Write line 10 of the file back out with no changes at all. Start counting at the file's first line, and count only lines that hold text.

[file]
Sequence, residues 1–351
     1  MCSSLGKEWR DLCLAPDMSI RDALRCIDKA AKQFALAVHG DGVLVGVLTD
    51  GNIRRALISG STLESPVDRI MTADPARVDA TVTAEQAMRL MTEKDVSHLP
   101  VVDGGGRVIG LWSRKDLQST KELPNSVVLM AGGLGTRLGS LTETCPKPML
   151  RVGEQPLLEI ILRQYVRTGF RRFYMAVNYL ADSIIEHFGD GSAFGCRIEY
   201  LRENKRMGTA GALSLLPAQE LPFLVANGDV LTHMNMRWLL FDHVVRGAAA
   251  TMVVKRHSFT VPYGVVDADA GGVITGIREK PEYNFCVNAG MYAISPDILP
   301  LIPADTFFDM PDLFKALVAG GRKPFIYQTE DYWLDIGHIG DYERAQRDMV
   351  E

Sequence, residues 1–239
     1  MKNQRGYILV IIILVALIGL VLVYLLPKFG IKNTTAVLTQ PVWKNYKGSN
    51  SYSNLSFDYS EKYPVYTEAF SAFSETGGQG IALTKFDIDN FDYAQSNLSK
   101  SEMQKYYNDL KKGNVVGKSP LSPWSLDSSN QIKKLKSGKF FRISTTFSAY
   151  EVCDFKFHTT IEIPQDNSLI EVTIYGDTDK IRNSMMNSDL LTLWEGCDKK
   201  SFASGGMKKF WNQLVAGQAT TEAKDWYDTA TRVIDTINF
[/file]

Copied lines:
Sequence, residues 1–239